Seafaring author a hit in Germany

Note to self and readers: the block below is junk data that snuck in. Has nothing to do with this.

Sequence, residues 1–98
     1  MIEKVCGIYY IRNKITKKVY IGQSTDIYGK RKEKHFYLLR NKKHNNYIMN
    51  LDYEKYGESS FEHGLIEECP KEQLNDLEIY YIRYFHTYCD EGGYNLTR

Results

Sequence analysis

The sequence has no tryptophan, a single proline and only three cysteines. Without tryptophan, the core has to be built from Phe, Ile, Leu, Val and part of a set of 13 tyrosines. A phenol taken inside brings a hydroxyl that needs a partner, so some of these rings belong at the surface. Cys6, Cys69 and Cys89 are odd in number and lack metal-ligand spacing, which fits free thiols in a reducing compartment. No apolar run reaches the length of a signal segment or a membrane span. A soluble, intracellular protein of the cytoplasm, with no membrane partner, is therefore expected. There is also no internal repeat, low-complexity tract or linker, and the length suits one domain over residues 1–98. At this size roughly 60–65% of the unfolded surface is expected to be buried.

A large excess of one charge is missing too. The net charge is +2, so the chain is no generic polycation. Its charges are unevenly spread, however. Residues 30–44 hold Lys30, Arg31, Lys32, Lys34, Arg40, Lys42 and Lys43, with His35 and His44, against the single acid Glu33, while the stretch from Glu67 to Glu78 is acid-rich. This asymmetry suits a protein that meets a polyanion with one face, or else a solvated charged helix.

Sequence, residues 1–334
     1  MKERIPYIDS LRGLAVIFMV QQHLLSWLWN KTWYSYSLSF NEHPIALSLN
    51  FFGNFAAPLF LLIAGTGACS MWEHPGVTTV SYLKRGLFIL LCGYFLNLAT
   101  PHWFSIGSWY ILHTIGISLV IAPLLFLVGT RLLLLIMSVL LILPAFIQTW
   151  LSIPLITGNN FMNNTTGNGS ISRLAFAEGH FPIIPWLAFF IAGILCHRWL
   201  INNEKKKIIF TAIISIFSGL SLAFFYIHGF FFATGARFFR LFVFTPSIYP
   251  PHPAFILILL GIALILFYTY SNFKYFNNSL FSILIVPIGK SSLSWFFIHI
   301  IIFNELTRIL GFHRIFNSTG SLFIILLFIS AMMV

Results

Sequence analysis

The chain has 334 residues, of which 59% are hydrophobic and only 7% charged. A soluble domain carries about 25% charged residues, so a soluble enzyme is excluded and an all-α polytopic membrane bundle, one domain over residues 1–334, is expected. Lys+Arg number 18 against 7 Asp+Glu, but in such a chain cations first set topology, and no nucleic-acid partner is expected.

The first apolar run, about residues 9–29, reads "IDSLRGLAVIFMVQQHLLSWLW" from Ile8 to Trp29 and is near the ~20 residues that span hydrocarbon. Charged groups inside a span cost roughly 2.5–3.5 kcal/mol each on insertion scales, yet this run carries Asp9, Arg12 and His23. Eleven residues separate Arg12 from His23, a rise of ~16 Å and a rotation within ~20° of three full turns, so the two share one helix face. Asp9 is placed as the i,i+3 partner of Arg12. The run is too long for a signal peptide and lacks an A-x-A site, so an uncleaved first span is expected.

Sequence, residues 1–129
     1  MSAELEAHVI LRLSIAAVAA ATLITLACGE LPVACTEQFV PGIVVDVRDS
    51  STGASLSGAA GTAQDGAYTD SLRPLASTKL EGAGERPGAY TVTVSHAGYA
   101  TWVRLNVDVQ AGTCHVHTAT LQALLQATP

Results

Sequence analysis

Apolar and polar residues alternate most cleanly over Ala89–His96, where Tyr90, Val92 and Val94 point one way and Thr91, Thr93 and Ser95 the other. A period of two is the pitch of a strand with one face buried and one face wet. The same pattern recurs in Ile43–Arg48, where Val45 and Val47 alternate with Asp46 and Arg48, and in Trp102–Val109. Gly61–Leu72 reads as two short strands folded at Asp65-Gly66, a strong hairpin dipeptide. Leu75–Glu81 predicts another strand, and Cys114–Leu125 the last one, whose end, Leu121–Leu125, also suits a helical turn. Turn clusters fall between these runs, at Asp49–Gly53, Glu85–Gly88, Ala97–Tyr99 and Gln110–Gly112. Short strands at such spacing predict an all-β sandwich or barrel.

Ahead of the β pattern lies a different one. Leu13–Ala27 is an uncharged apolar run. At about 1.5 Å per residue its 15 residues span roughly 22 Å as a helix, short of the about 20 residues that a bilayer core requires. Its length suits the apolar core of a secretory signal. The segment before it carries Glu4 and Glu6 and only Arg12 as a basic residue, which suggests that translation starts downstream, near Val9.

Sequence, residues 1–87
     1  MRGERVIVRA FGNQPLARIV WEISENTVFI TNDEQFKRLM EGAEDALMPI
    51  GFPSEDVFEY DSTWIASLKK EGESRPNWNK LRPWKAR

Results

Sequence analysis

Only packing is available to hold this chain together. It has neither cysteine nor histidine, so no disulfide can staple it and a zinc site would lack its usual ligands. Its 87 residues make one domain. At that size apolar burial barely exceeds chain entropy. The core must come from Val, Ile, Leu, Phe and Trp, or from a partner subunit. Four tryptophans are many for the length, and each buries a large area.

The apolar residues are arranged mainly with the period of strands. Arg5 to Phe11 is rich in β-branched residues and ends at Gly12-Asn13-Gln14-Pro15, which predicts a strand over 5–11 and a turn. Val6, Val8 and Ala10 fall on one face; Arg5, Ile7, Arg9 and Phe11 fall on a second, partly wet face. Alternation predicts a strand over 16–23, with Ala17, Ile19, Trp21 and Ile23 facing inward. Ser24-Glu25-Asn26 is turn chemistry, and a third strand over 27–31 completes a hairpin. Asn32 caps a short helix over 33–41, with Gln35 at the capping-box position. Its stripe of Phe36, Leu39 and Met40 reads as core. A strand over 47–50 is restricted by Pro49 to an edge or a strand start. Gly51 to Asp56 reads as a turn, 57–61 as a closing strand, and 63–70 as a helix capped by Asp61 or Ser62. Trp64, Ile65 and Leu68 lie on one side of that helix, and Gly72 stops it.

The influential German daily Die Zeit called it a journey to the end of the sea. The review also compares the novel’s Greek author to Conrad, Brecht, Cendrars, Genet and Duras. The critique is one of the early reviews of the first German edition of the only novel, The Watch, written by the late great Greek poet Nikos Kavvadias. [The novel unfolds] in story after story, little pearl after little pearl, read Martina Dervis from the same review. Of the London-based literary agency of Imrie and Dervis, she has acquired the rights to sell Kavvadias’s novel abroad. At a meeting with Kathimerini English Edition during the 53rd annual Frankfurt International Book Fair, Dervis told of her excitement at having the opportunity to bring one of Greece’s great postwar poets to a wider international audience. The favorable review in this and other media will assist in bringing potential readers closer to this most accessible of Greek poets. Nikos Kavvadias, who was born in 1910 in Manchuria and spent much of his life in the merchant marine, has long been loved and lauded in Greece for the storytelling acumen in his poetry, in which the sea and those who people its ports were frequent subjects. His stanzas became lyrics when the composer Thanos Mikroutsikos set 11 of the poems to music under the general title The Southern Cross, songs that can be heard sung from the most remote tavernas to the Athens Concert Hall. Kavvadias ran away from the port of Piraeus as a teenager and spent almost his entire life at sea until his death in Athens in 1975. The subjects of his works are urchins, exotic strangers, unlikely friends and acquaintances and quixotic episodes. His poems read like fascinating stories, imbued with a sadness and a tenderness for the common lot, rough justice and the unpredictability of fate, for many of his subjects were both cruelly treated by life and invariably self-destructive. A stiletto I wear tightly clinched in my belt which in some way won me, and I made mine. And since there’s no one in the world I hate, enough to kill I fear some moment I may turn it upon myself. This extract is from Kavvadias’s poem A Knife published in 1933 in Marabou, his first collection of poetry. The collection’s title is a reference to the large African stork but is also said to be the nickname Kavvadias chose for himself. A second poetry collection, Fog, was published in 1947. And then the single novel, The Watch, appeared in 1954. A last collection of poetry, Traverso appeared much later in the year of his death. One of Kavvadias’s short stories, Li, was filmed as The Devil and the Deep Blue Sea, directed by Marion Hansel and starring Stephen Rea. The only novel that Nikos Kavvadias wrote is clearly autobiographical. In The Watch (Vardia), set in the late 1940s, the protagonist and narrator, a wireless operator named Nikos, relates the adventures of the crew on the cargo ship Pytheas as it heads for the Far East. Stories within stories, the novel evokes the years spent at sea, the hours of night watch, the long sloughs of ennui. To dispel the boredom, Nikos and the first mate spice it with tales of whoring and drinking and friends they have lost. Kavvadias’s prose, like his poetry, is rich in imagery. In succinct, everyday language, except for a number of difficult nautical terms, he describes the characters who peopled his travels as if seeing them from their hearts outward. There is an innocence to his descriptions of strong deckhands fallen on hard times or women of ill repute with honorable natures. Kavvadias, though slight and impish, was reputably a notorious womanizer, though his own works imply that he was often the butt of jokes for not having a woman in every port. There is a legend that says that he boasted he could tell a woman’s nationality from the scent of her skin, a claim his fellow crew members repeatedly tried to contest. A Decameron of seafaring… as it was called by Die Zeit, referring to the 14th-century Boccaccio classic, the novel is about to embark on a new and well-deserved voyage. The wireless operator Nikos will again relate his adventures to a captivated audience, those extraordinary stories, funny, erotic, dreamlike, managing to evoke the life of the sea in a way that few writers have ever done, as says Dervis. With its mixture of earthy realism and the surreal, it is, quite simply, a masterpiece. The rights stuff: Now the work begins The German translation of Kavvadias’s The Watch was published a little more than a month ago by Alexander Fest Verlag, a distinguished literary house, to critical acclaim. The good reviews will facilitate Martina Dervis’s job of selling the rights to translation of the novel into other languages around the world, and may gain the book the attention of acquisitions editors from major publishing houses in other countries. A French edition by Climats was published during the author’s lifetime and Kavvadias himself assisted in the translation, which is considered excellent. The French edition is a best seller in that country. A Dutch edition is now out of print, though a Spanish translation exists, published by a small publishing house, as does the original Greek, still in print with its current publisher, Agra, almost 50 years since it first appeared. The agents Martina Dervis and her partner Malcolm Imrie have taken on a number of Greek authors recently and have made headway into promoting those authors in the wider international market. They had a major success last year with Andreas Staikos’s Les Liaisons Culinaires, which was sold into 13 territories (not countries or languages, as Latin America, Spain, and the Catalan language can all be negotiated separately). English-language rights to that book were some of the last sold, to one of the best houses translating foreign writers into English, Harvill Press in the UK. Few books written in foreign languages make their way into English translations. The English-language market has such a rich, multicultural base of its own and can draw on so many other English-language markets – England, the USA, India, Australia, the Caribbean, Scotland and Ireland, to name a few – that it is a difficult market for foreign-language books. And the hard truth is that unless the author is world-renowned or has won a major award, books translated into English don’t sell, often requiring the concentrated efforts of someone with the right contacts and knowledge of the industry to place a book with a publisher of prominence. The most promising route is to have a novel go into another of the other major European languages, French, Spanish or German, whose readers are more accustomed to books translated from other languages, and then publishers of English might take notice. Martina Dervis is confident that in the case of Kavvadias, she’ll eventually find a publisher in English worthy of the book. But as with Staikos’s novel, it is often the case that rights are sold around the world before a book attracts the interest of an English-language publisher. With an edition of The Watch just out in German and positive reviews, the book has multiplied its chances of going further abroad as publishers who may not have been able to find a trustworthy reader for the Greek novel can more easily find someone to read the French or German version. During the Frankfurt fair this month, Imrie and Dervis heard serious expressions of interest from publishing houses in Turkey and Japan. And Dervis reports that in the six weeks since the German edition has been in circulation, its sales have reached five figures.